Poverty in Mexico City Impacts Population

Almost half of the population in Mexico lives in poverty. Based on the current population of 117 million, over 55 million people live in poverty. Forty-one million people live on less than $188 per month and 11.5 million live on less than $83 per month. It is estimated that more than half of the entire population is living on less than $2 per day and a quarter of the population is living on less than $1 per day. From 2012-2013, the GDP in Mexico dropped from four percent to one percent.

In Mexico, 25.3 million people are without access to proper health care, and 27.4 million people do not have proper access to food and are described as being food insecure. Food insecure is a term that is used in Mexico to describe those who face extreme hunger and are unable to meet their own nutritional needs during the year. Despite a decrease in extreme poverty since 2010, poverty has continued to increase.

Mexico City is the capital of Mexico and has a population of two million people. It is a city that struggles with disease and poverty. The wealth in Mexico City is concentrated. Although some of the poor live in the cities, many reside in the rural areas. The rural areas house the majority of the impoverished; however, there is little recorded data to demonstrate the cause, according to the government. Although the government is aware of the poverty that exist in these areas, the states of Mexico that border the United States do not qualify for the Oportunidades program to alleviate poverty and health issues.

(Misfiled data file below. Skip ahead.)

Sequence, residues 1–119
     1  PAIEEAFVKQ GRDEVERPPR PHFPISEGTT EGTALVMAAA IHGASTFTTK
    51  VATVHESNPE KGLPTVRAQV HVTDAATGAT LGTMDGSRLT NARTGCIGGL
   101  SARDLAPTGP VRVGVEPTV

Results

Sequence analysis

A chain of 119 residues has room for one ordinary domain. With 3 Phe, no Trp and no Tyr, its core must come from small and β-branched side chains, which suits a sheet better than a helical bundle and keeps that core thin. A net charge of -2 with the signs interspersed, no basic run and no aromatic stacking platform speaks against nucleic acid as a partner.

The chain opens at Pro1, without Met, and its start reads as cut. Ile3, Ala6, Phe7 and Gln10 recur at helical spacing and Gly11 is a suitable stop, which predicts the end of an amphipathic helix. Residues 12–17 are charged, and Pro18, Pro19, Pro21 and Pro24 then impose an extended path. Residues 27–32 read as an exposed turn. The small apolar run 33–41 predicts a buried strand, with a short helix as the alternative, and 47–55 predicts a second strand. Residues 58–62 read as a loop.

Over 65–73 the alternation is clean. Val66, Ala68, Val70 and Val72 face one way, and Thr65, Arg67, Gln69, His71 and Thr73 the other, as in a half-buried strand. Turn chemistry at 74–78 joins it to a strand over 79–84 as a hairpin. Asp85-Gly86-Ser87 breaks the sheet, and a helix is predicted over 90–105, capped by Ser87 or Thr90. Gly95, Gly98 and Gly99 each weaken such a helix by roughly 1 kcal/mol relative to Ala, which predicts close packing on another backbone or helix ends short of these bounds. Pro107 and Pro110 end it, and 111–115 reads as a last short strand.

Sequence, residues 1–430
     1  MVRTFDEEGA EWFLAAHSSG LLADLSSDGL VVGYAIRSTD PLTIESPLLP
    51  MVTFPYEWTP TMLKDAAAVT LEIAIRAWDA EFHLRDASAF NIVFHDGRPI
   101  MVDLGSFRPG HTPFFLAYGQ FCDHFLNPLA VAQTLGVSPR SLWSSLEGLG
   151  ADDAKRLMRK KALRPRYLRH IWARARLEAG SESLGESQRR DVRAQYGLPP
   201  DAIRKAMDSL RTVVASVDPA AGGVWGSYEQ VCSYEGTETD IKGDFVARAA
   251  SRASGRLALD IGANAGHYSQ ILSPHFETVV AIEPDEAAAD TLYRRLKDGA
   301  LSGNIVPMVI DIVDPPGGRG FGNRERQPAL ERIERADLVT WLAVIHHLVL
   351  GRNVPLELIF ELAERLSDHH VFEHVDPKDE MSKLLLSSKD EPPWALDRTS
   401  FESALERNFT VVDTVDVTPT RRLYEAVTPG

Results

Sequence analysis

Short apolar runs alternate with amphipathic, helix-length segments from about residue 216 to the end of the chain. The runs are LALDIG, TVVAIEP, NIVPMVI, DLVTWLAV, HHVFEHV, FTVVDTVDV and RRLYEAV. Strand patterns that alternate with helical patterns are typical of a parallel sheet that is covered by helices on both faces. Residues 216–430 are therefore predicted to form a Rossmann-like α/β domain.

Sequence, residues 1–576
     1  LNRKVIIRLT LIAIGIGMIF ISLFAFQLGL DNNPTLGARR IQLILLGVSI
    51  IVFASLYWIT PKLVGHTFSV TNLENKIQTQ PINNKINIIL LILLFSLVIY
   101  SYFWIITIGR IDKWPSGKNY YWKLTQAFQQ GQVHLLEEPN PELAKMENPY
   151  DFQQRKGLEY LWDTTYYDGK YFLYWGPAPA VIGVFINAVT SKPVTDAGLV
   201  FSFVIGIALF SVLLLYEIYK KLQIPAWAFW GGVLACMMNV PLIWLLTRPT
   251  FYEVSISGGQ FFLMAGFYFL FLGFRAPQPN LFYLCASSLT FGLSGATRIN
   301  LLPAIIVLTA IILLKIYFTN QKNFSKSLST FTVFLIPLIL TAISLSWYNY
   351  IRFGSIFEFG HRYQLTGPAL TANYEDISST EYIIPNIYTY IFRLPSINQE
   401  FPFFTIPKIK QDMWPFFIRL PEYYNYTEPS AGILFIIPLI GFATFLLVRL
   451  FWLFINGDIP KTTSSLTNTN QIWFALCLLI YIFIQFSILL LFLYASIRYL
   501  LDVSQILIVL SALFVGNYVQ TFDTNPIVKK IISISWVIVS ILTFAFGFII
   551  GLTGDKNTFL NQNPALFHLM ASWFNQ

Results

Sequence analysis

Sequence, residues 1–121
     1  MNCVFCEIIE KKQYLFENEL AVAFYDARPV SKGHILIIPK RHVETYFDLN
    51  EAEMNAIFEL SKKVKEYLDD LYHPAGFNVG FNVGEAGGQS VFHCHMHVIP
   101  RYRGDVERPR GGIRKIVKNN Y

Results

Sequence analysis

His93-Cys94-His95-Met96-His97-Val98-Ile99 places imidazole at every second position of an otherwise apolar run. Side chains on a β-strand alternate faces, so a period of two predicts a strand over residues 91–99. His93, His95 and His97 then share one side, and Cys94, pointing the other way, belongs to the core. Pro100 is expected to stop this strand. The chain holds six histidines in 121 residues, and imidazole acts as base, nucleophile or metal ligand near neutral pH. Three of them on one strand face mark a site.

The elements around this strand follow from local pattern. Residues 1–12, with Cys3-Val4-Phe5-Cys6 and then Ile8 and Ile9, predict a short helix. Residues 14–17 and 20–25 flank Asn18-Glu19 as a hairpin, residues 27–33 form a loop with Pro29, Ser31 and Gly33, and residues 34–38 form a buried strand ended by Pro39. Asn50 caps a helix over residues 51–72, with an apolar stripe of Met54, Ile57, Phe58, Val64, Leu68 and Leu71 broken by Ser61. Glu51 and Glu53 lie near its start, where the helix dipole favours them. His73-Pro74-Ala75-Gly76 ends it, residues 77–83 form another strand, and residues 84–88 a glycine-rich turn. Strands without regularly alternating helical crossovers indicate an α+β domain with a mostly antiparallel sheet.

Health issues in Mexico City are caused by poor air quality as a result of air pollution. Air pollution causes respiratory problems for the residents. Mexico has declining incidence rates of Tuberculosis. However, in Mexico City, the cases of Tuberculosis are five times as much as the United States. For the people of Mexico City, Hepatitis A is still considered endemic.

The first Millennium Goal initiatives are applicable to the status quo of Mexico City. With little aid from the government, Mexico City will have to look to outside sources for relief.

– Erika Wright

Sources: CDC, U.S. Mission to Mexico 1, U.S. Mission to Mexico 2, U.S. Department of State, The World Bank
Photo: Hispanically Speaking News